Many of you know that I submitted some of my photographs to a call for art by the Seattle Public Utilities some time ago. Those who are aware of this also know that none of my photographs were chosen for purchase by SPU. I did quite well with the rejection if I do say so myself. It was the first time I submitted anything to anything and I felt quite accomplished having done so. It was empowering to actually complete a project, regardless of the outcome.

Recently I received an email from my good friend Soy. Apparently some individuals affiliated with INSANELY EXPENSIVE PRIVATE ART SCHOOL had their work accepted by the project. As an alumni of said institution he received notice of this news. Check out one of the works of art that was accepted:


Soy also included the following message:

"If a paper airplane photoshopped [sic] onto a satellite image of Washington (how lame!) got into that show, then I'm glad that your work is NOT associated with SPU! Unfortunately for me, my work IS associated with [INSANELY EXPENSIVE PRIVATE ART SCHOOL]!"

I appreciate Soy's sentiments because he is an artist that I respect highly and a good friend. And this is by no means intended to be any disrespect toward the artist in question. Kudos to you for your efforts. However I am curious about one thing. Because in thinking about this further I was reminded of the numbers. Let me explain.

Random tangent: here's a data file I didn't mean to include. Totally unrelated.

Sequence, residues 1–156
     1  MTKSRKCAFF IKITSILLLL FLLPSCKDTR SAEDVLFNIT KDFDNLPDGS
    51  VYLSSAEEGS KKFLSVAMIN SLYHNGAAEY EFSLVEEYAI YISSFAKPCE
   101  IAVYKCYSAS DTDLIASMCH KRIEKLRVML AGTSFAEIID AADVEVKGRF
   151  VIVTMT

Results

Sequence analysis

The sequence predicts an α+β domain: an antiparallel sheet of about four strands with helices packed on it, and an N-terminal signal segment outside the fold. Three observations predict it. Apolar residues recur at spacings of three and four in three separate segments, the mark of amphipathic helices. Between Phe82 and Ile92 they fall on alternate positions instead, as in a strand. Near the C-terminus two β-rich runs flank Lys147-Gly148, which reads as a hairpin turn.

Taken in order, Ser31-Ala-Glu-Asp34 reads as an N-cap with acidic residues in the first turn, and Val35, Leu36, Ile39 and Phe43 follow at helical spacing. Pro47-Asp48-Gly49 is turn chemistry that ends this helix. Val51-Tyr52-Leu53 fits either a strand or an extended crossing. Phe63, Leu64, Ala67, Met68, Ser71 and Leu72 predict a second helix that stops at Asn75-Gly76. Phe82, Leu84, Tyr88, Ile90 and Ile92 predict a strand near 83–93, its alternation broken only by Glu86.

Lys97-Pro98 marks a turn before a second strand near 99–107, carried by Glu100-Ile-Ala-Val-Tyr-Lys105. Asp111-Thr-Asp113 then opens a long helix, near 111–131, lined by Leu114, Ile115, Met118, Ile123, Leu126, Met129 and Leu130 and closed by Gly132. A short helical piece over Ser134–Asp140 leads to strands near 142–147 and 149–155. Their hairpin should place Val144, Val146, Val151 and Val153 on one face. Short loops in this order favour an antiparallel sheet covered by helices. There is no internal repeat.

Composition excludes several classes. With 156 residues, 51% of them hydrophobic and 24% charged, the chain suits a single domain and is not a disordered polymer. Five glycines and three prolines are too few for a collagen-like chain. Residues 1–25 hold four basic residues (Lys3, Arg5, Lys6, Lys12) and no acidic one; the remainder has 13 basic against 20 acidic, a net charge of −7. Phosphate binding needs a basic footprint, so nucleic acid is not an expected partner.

My rejection letter read (in part) as follows:

"The panel viewed more than 1800 submission, with a purchase budget of $50,000 to award, and selected 49 artworks."

For those of you not well versed in mathematics you should seriously consider a refresher course. Just kidding. Okay. I'm not kidding, but this isn't my point. My point is that given the above information Seattle Public Utilities paid an average of $1020.41 for each piece of art. Not too shabby considering my work was priced at 10% of that figure.